As more days go by since bin Laden’s death, the account of the deadly raid has changed several times—with some saying the White House was desperate to paint a picture of national security triumph. “There has never been any intent to deceive or dramatize,” said one military official. “Everything we put out we really believed to be true at the time.” Tommy Vietor, a National Security Council spokesman, said the middle of the night, “hectic operation,” and early versions accounted for the differences. Despite the Vietor pointing the human error, the shifting accounts has created some mistrust on what really went down. White House officials, sources said, were eager to get out the first account of the raid—especially knowing that the Pakistani spy agency, the ISI, would soon deliver a version.
A computer recovered from Osama bin Laden’s compound revealed al Qaeda was working on a plan to attack the U.S. rail systems on the 10th anniversary of the Sept. 11th terrorist attacks, the FBI said Thursday. Officials stressed they had no indication that this had gone anywhere behind the planning stages. To be on the safe side, the FBI warned local authorities to watch train tracks for missing “clips or spokes” and “concrete blocks or tree limbs placed on tracks.” Intelligence officers are mining the trove of computers, discs and hard drives found at the terrorist leader’s Pakistan compound in the raid that killed him.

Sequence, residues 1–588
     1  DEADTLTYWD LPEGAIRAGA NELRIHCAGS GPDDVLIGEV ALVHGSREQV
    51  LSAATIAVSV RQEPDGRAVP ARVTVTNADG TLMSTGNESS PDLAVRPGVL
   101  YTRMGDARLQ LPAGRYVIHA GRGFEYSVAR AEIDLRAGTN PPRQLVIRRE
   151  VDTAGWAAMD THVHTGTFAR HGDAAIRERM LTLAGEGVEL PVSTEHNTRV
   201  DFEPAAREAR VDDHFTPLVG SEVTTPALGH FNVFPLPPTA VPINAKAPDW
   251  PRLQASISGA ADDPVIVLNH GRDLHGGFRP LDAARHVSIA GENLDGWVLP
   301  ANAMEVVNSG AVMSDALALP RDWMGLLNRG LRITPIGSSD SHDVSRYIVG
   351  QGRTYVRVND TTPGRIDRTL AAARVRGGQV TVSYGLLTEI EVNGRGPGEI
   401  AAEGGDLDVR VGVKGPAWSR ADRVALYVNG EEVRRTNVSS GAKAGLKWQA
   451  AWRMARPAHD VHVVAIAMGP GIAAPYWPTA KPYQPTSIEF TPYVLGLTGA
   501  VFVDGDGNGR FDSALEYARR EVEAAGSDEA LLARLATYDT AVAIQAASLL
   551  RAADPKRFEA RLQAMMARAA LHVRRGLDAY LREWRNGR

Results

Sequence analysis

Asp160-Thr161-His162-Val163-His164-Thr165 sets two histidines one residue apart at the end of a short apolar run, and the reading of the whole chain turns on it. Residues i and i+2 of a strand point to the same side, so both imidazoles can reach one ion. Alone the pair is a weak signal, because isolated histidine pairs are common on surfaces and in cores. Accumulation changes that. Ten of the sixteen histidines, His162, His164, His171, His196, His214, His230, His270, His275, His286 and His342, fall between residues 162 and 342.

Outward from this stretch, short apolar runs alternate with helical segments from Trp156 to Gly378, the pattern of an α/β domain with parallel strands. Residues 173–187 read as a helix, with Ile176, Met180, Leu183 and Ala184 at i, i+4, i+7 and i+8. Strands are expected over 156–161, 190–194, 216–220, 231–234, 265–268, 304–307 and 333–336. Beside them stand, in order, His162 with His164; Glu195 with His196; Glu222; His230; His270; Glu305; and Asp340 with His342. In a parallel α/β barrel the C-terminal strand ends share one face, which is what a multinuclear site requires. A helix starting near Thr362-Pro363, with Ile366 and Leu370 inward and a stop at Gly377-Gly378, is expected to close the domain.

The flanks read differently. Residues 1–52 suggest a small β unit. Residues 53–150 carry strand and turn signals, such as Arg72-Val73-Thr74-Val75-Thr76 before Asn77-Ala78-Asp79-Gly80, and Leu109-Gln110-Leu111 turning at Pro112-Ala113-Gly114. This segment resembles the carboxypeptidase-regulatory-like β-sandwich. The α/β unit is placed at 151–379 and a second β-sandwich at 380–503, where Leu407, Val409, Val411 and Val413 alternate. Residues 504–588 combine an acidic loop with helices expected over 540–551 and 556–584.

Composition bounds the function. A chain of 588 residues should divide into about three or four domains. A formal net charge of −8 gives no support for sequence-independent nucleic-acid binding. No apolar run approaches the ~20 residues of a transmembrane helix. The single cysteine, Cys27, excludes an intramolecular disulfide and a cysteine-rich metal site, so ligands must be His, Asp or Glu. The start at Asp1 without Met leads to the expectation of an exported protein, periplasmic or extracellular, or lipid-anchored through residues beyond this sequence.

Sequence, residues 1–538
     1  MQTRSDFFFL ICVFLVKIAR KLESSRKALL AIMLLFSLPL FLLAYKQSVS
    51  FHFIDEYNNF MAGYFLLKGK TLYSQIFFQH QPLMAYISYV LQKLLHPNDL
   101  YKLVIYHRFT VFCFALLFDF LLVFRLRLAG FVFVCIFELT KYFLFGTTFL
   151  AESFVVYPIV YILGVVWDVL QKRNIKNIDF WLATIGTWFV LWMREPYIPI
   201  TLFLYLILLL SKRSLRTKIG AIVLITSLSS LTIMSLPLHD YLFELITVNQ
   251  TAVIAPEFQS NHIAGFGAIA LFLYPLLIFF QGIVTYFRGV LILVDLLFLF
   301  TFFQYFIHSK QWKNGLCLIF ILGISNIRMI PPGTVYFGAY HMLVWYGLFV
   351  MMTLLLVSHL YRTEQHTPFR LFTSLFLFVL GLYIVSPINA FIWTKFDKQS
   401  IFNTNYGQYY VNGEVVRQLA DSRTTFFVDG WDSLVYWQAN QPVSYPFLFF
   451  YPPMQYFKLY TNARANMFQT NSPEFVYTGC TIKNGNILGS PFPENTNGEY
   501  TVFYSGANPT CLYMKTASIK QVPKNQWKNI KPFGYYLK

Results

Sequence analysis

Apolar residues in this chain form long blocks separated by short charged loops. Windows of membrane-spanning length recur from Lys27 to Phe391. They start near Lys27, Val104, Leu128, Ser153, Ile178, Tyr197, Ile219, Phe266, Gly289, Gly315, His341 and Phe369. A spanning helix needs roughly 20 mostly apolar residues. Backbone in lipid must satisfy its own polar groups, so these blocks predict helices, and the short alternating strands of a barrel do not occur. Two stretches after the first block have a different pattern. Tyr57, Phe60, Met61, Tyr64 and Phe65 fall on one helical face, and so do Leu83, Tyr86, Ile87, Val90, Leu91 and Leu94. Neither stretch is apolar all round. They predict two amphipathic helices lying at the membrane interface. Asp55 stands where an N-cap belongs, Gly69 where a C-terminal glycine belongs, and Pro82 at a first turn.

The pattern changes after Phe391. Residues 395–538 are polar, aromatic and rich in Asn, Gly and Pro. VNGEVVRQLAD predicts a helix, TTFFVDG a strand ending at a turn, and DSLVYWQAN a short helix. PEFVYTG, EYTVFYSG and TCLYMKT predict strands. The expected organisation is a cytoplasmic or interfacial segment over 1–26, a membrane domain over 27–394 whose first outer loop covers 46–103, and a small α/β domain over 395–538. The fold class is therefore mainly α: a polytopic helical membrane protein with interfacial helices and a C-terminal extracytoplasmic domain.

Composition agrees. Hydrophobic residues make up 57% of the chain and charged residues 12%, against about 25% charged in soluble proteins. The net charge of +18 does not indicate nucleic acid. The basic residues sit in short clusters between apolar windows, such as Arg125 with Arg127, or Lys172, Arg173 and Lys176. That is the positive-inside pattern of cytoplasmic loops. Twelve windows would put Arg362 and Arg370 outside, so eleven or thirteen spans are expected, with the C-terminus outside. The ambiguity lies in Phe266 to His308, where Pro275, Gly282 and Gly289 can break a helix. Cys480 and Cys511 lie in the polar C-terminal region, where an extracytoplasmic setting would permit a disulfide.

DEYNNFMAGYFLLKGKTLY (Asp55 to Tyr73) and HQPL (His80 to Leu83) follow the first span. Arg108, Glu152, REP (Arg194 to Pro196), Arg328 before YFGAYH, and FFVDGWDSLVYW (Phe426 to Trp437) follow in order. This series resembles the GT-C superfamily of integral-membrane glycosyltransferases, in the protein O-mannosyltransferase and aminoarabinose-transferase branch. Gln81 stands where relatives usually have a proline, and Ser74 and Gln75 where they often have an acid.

President Obama told Steve Kroft that the U.S. does not need to have “the perpetual footprint of the size that we have now” of troops in Afghanistan. Part of a 60 Minutes interview that will air on Sunday, May 8, the president confirmed there will be a drawdown of troops starting in July, a goal made easier to obtain with the death of Osama bin Laden. “We are transitioning; we’re training Afghan forces, so that they can start security in their own country,” Obama said. In the interview, Obama also said that even without releasing the photos, there is “no doubt” bin Laden is dead.
Bin Laden: Broke?
A senior Pakistani official said Friday that bin Laden was “cash strapped” in his final days and his terrorist organization had split into two factions. The stronger of the two factions, the intelligence official said, is being led by Ayman al-Zawahri. But some took this advice with a grain of salt, since Pakistan could be deflecting from its recent battered image.